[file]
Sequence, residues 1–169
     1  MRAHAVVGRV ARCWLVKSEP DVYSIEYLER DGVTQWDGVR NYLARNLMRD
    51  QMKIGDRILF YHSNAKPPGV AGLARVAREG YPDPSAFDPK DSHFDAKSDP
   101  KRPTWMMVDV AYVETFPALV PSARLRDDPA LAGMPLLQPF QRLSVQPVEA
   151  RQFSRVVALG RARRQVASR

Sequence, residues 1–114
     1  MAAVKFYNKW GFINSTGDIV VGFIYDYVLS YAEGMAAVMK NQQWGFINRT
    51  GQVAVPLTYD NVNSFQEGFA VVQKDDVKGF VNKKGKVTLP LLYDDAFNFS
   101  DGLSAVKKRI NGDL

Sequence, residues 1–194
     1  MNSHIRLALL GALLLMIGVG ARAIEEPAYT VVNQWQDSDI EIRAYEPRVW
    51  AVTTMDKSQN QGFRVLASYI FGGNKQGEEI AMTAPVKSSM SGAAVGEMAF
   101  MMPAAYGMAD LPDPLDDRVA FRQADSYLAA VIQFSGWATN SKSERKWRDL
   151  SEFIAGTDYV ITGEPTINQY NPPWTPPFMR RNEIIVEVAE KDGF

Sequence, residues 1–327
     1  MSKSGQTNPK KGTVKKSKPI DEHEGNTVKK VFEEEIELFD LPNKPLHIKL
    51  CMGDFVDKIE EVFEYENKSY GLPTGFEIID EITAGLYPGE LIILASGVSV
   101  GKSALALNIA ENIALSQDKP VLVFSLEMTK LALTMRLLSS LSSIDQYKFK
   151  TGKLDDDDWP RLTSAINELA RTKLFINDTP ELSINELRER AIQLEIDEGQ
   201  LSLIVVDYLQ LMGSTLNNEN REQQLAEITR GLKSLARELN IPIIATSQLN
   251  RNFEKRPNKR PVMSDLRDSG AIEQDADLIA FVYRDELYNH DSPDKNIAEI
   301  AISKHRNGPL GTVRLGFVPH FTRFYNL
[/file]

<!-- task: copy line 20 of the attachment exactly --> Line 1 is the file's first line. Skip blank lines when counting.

   201  LSLIVVDYLQ LMGSTLNNEN REQQLAEITR GLKSLARELN IPIIATSQLN